Suffice it to say, Detroit needed a diet, and the automakers knew it well in advance thanks in large part to looming federal mandates. At GM, the first to be first slimmed down were the 1977 model-year full-size cars. Among them was Pontiac’s flagship station wagon—the Grand Safari.

The downsized wagon’s chassis was reduced from 127 inches to a svelte 115.9 inches. Much of the basic architecture, however, carried over from the previous generation: independent coil spring front suspension, rear leaf-sprung suspension, power steering, and power front disc brakes. Also included as a standard were FR78-15 radial tires that provided sure-footed control in all driving conditions.

The redesigned chassis cradled an equally new 5.0-liter ( V-8 engine. It was more than the division’s new “economy” powerplant; rated for a rather capable 135 horsepower, the block, crankshaft, cylinder heads, and intake manifold—collectively—weighed 136 pounds less than the V-8. Factory literature touted the availability of a “new 6.6 litre (400/403 CID) V-8” on the Grand Safari’s option chart—technically a carryover engine revamped for ’77—that was rated for 180 or 200 hp. Californians could have opted for the 170-hp 350. A Turbo Hydra-Matic automatic was the only transmission available.

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The most valuable Firebirds from every generation – Greg Ingold @Hagerty


Almost everyone has an opinion about Pontiac Firebirds. Ours, for the record, is that they’re pretty great. Spanning 35 years, four generations, and myriad high-performance variations—not to mention three Smokey and the Bandit movies, Knight Rider, and countless other cultural touchstones—the Firebird transcends typical collecting considerations and cuts to the core reason most of us like old cars—they’re fun. Although most were relatively affordable when new and remain so today, a select few have appreciated into exotic-car territory. We looked at each generation, and here are the most expensive cars from each series.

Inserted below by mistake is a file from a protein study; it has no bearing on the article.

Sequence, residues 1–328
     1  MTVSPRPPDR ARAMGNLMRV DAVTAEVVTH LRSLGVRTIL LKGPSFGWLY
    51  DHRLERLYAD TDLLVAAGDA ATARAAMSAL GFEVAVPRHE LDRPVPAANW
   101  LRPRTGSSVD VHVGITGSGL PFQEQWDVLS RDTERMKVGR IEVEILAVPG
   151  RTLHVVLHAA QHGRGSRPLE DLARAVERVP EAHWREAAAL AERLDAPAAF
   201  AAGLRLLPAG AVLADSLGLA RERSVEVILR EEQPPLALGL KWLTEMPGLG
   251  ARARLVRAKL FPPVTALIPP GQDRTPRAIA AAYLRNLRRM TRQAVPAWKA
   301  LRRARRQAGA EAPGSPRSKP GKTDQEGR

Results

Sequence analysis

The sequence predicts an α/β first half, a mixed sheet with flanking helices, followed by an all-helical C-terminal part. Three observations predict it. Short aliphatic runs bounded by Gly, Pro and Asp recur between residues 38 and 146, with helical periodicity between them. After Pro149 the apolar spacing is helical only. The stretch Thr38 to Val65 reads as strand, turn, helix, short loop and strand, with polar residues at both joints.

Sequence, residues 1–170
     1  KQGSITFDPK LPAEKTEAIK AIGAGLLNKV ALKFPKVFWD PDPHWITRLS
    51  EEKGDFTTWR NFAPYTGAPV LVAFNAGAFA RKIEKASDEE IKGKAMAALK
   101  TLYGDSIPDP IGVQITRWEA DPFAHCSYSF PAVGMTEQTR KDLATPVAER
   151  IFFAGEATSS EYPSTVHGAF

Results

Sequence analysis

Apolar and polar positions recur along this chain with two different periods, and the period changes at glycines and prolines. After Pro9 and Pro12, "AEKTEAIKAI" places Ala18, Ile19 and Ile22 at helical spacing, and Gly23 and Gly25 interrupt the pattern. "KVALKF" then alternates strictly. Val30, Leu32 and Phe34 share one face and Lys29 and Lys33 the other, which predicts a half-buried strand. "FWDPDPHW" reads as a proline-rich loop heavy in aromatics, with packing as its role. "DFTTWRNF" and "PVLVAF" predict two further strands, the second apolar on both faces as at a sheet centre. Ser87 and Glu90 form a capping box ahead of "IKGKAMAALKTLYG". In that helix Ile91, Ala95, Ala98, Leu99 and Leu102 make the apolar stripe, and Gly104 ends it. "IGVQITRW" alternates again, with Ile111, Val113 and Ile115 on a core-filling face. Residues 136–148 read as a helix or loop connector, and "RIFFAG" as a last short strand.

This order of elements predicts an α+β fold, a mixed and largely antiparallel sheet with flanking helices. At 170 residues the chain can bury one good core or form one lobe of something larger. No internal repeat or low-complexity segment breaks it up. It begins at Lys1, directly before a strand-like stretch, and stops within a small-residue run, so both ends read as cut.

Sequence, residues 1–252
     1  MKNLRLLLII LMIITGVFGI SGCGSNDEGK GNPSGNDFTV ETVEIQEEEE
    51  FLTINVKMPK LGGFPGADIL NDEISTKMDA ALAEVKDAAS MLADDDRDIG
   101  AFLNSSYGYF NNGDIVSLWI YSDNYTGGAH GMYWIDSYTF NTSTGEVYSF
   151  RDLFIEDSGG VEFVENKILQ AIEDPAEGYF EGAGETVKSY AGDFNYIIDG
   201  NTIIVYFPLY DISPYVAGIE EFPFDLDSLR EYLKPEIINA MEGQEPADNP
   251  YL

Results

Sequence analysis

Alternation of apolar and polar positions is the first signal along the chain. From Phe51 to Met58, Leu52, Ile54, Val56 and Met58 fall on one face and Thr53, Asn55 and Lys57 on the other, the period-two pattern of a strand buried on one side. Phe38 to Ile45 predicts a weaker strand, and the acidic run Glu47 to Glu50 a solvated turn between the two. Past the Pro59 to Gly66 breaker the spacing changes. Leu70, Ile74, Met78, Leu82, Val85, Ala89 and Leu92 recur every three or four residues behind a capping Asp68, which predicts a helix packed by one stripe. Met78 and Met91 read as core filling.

First Generation (1967–1969): 1969 Firebird Trans Am Convertible

#2 (Excellent) condition average value: $1,000,000

1969 is when it all started, with Pontiac introducing the famous Trans Am to the Firebird lineup. Aside from the famous Cameo White body with Tyrol Blue stripes, the Trans Am included plenty of other upgrades. This included a standard Ram Air III 400-cubic-inch engine, with the optional Ram Air IV, heavy-duty suspension and quicker ratio steering. Trans Ams are very uncommon to start with.

Only 697 total cars were produced, so any car in excellent condition brings six figures. Convertibles are a completely different story, though, with only eight being produced. While all are equipped with the less powerful Ram Air III engine, a pristine T/A Convertible is easily a seven-figure car. Being even rarer than a Hemi Cuda Convertible, these cars come up for sale just about as infrequently

Second Generation (1970–1981): 1970 Firebird Trans Am 400/370-hp Ram Air IV Coupe

#2 (Excellent) condition average value: $172,000

Although the second-gen Firebird achieved pop-culture fame in its later years—think T-Tops and screaming chicken—serious collectors prefer the high horsepower, tightly wound thoroughbreds of the early ’70s. It should thus come as no surprise that a the most expensive of this era would be an early Trans Am. For the first few years of Trans Am production, numbers were the lowest and the most sought after engine options were offered—one of the rarest  the Ram Air IV. Pontiac offered this engine (distinguished by round-port, high-compression cylinder heads) in the Trans Am for only two years, producing only 88 of the cars. The Ram Air IV T/A is closely followed in value by the 455 Super Duty equipped cars in 1973.